- He has mandated its four episcopal vicars to accompany and help people in parishes to work together;
- He has mobilized diocesan workers to elaborate a series of demographic, sociological, statistical and pastoral tools that will help people in parishes and communities drawing a sound picture of their neighbourhood;
- He is carrying out the creation of diocesan work teams to feed and support everyone’s efforts;
- He has mandated some of his colleagues to elaborate solutions to reduce the administrative burden felt by pastors and Fabriques’ boards.
The Challenges facing us
To be truly close to individuals’ lives through diversity and to develop local missionary work, the Church must turn to the richness of its own diversity. Until today, French, English and cultural Christian communities have cohabited without really knowing each other. There is a need for new processes to remove those solitudes and to work together within neighbourhoods, as these reflect a multilinguistic cultural diversity. Here are examples: grocery stores and banks. Aren’t they not located in the heart of life in neighbourhoods, without language and cultural distinctions? Is it not the same for social issues touching particularly some neighbourhoods, such as gentrification, racial tensions, deficient urban development, and so forth?
Another challenge, and not the least, is mobilizing congregants in such ways to obtain more than simply a small number of devoted parishioners to accomplish the work. Nowadays, faith is perceived from a personal perspective, as something intimate lived privately. Christians do not bear witness to the reasons of their involvement when fulfilling the needs of parishes, or doing charitable or secular work. A missionary Church is the entire people of God walking like Christ among the people, easing the suffering and taking care of everyone “so that they may have life, and have it abundantly”.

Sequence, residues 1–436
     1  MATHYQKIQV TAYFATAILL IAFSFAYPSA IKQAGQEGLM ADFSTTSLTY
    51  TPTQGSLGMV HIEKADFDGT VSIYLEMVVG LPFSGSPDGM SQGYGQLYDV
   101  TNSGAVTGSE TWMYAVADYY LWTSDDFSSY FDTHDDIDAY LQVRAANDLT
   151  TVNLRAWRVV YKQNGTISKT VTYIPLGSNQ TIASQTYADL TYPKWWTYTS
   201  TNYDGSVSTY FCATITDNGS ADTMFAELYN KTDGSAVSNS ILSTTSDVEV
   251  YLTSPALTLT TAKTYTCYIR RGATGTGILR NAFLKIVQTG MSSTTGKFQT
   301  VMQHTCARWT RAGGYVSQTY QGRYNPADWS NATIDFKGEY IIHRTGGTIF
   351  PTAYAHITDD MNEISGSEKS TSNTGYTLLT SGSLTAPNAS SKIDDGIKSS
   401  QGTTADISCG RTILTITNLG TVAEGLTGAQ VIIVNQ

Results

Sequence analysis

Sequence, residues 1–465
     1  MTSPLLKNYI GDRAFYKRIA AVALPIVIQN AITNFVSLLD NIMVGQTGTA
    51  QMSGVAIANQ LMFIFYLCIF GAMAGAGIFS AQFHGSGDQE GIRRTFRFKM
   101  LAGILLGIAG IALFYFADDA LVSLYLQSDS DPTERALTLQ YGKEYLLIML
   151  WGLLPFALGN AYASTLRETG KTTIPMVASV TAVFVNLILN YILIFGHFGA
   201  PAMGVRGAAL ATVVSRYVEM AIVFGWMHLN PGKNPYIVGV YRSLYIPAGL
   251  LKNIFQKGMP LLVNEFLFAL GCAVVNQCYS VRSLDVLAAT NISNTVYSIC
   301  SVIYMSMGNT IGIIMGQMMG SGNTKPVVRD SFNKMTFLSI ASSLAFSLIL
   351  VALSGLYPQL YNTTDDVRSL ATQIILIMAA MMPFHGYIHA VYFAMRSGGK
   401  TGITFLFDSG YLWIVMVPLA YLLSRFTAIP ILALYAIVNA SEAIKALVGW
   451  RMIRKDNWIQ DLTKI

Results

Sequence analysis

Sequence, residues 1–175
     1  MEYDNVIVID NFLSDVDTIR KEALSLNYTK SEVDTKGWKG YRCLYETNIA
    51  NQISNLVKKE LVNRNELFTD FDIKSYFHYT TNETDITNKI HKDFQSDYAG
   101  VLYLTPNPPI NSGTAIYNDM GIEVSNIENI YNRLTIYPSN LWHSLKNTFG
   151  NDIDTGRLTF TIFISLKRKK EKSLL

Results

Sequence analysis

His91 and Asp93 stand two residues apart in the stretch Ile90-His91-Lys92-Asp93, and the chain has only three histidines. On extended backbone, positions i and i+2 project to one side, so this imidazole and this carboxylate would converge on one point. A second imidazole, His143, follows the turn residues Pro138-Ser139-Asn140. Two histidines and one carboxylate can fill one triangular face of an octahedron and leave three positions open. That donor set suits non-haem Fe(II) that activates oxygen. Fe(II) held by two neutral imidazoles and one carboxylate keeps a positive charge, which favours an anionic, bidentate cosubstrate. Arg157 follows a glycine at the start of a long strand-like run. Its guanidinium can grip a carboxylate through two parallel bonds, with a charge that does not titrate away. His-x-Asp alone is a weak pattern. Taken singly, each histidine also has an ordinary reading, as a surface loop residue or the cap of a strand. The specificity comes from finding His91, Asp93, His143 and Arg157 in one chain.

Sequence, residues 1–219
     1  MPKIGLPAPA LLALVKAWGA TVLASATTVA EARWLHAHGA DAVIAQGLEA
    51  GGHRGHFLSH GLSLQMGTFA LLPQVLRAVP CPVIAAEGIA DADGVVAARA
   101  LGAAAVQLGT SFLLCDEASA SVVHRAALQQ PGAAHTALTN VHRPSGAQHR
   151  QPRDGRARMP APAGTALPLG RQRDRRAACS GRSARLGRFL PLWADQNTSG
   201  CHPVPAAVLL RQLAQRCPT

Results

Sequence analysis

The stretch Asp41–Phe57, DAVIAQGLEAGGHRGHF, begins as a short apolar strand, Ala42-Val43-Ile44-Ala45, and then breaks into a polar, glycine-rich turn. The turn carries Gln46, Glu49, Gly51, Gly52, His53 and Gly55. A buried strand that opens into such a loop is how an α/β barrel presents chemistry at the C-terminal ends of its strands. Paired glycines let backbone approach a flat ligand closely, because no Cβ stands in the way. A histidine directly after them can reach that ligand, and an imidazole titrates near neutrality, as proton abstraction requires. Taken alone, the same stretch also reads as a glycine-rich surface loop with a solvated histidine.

In the Near Future…
Understandably, this diocesan undertaking is an enormous effort to go beyond our habits and ecclesial structures to become the presence of God where individuals are. It is not about giving up the enthusiasm we put in our current pastoral initiatives, but rather reaching out to all individuals not finding the path leading to us.
Carrying on in the first phase (“to see”), taken from the “see – discern – serve” steps presented by our archbishop, the people involved in parishes gather and get to know each other. Through a true exercise leading to a better understanding of local realities, they will try to appoint every person of good will, as part of this exercise. They will go as far as to attempt to manifest their interest in people’s lives by reaching out to the neighbouring people and organizations unrelated to the Church. We may have no knowledge of their names and terms yet, but we can expect that local meetings, forums and dialogue tables will be held under the guidance of the Holy Spirit to discern the avenues of a Church’s presence being relevant, loving and acting in the practical reality of the people living within communities.
In a few months, a new section of the diocesan website will be dedicated to the “Missionary shift”. Explanations regarding this project with the next steps and the latest information on this undertaking will then be made available to you.